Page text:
The offense stands to be dramatically better next season, but I it's behind where it was expected to be at this point. If Stanford doesn't win at least eight games this year, Shaw's second season will be viewed as a huge disappointment.
What did you see that encouraged you from the Notre Dame loss? Did you see the team improve in any capacity?
Scott Allen, Rule of Tree: Nothing that Stanford did offensively in the Notre Dame loss encouraged me, but the defense responded well against a not-very-good offense after getting torched by Arizona.
Hank Waddles, Go Mighty Card: After the Arizona shootout, it was definitely good to see the defense play so well. If they had been able to get off the field on just one or two more third downs, or if the officials hadn't manufactured a late hit penalty on Notre Dame's final drive during regulation, we wouldn't have spent the past week talking about that touchdown that wasn't. Instead, we'd be praising a defensive-minded team that would have been ranked in the top ten.
What still needs fixing? What do the Cardinal need to improve on to start notching big road wins?
Scott Allen, Rule of Tree: The offense has to improve. Nunes has to be more accurate, Stanford has to be better on third down and receivers (and tight ends) need to catch the ball. Nunes may have been nervous for his first road game at Washington, but I think the loss to Notre Dame had more to do with the Irish's stingy defense.
Hank Waddles, Go Mighty Card: I think Nunes has to settle down. Let's look at what he's faced on the road so far. In his first career road start he travelled to one of the loudest environments in college football to play a team that had been flat-out embarrassed by the Cardinal the last two years. To say this was a big game for Washington would be an understatement. Next, he heads to the cradle of college football to play Knute Rockne, the Four Horsemen, Touchdown Jesus, Rudy, and Manti Te'o. There might not have been any thunder shaking down from the sky, but there was plenty of rain. What's next for Nunes? That's right -- Big Game. Even Andrew Luck wilted under the pressure of his first Big Game.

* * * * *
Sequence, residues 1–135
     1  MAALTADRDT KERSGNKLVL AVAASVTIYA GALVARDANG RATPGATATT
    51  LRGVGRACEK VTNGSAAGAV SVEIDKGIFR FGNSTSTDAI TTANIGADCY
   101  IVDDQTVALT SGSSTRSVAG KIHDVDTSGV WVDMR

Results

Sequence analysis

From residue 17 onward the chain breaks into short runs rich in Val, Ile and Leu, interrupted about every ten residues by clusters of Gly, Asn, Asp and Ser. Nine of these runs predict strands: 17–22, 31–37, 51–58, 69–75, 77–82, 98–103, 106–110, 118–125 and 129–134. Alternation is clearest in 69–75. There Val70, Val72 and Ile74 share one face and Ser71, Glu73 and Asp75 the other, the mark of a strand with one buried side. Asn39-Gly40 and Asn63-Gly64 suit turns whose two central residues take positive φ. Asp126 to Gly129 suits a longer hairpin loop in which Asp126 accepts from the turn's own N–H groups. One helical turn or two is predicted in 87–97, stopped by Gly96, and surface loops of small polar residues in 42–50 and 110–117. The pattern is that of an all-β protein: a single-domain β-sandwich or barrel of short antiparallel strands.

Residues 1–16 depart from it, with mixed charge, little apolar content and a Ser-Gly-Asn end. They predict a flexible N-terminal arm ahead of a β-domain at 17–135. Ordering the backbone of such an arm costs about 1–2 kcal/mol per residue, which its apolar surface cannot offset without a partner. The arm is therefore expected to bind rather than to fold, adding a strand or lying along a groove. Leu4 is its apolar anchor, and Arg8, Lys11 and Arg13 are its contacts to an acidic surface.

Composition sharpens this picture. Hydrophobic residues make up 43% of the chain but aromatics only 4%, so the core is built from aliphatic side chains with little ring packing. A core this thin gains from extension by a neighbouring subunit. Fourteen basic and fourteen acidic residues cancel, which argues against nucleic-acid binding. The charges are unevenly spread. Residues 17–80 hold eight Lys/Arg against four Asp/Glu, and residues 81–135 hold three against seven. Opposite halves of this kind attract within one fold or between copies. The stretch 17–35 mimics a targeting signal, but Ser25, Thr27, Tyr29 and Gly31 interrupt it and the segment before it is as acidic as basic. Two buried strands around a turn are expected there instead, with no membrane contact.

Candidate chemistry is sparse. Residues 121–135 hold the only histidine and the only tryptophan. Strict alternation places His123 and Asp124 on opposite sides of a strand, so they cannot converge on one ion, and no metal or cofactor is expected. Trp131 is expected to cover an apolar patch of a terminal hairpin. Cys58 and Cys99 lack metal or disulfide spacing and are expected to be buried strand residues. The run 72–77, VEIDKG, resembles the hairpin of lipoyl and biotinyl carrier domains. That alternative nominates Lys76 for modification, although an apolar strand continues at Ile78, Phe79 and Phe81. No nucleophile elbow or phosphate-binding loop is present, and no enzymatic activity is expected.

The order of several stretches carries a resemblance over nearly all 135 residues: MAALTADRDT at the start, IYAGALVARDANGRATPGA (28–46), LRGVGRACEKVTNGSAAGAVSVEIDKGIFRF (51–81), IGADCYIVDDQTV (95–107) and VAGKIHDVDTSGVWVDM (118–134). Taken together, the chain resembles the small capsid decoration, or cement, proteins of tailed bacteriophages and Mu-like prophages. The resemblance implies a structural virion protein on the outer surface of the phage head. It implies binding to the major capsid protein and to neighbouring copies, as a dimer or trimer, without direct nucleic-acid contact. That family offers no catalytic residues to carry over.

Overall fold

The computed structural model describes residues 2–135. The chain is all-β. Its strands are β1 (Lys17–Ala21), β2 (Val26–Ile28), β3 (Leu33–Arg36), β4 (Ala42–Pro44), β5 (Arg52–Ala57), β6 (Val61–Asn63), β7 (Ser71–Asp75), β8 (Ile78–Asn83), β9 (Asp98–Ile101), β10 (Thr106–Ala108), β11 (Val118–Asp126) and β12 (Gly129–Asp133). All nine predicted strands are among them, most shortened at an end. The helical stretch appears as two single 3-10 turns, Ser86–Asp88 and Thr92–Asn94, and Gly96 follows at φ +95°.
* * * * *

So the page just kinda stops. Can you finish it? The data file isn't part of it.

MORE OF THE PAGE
With all this in mind, I think Pep Hamilton needs to help out his quarterback by putting some doubt in the minds of the Cal defenders. I've been writing this for several weeks now, but I really want to see more Kelsey Young, and I want to see him all over the field. He doesn't necessarily need to get the ball, but his presence in the game -- whether in the backfield, split out wide, or sprinting across the line of scrimmage for a jet sweep, will give the defense something else to think about. He's potentially the most dynamic offensive player on the Stanford roster, and it's unconscionable that he hasn't been involved.
Looking ahead to this week's game, what do you see Stanford needing to do to finally get a road win against Cal? What's your score prediction for this week and why?
Scott Allen, Rule of Tree: Stanford 24, Cal 17. I think the Cardinal will have a little more success moving the ball against the Bears and will finally score an offensive touchdown (or two!) on the road. I expect Levine Toilolo to rebound nicely from his catch-less performance against Notre Dame and to have a big day. Defensively, I think Stanford will be able to put enough pressure on Zach Maynard to keep him from getting into a groove like he was against UCLA.
Hank Waddles, Go Mighty Card: I'm not too worried about how the Cal offense will do against Stanford's defense, so I think that if the Cardinal can implement some of things I talked about up above, things will work out on Saturday. I guarantee Josh Nunes and the offense will score their first road touchdown of the season, and then they'll add two more. Final score: Stanford 27, Cal 13. The defense is simply too good, and the offense will be good enough.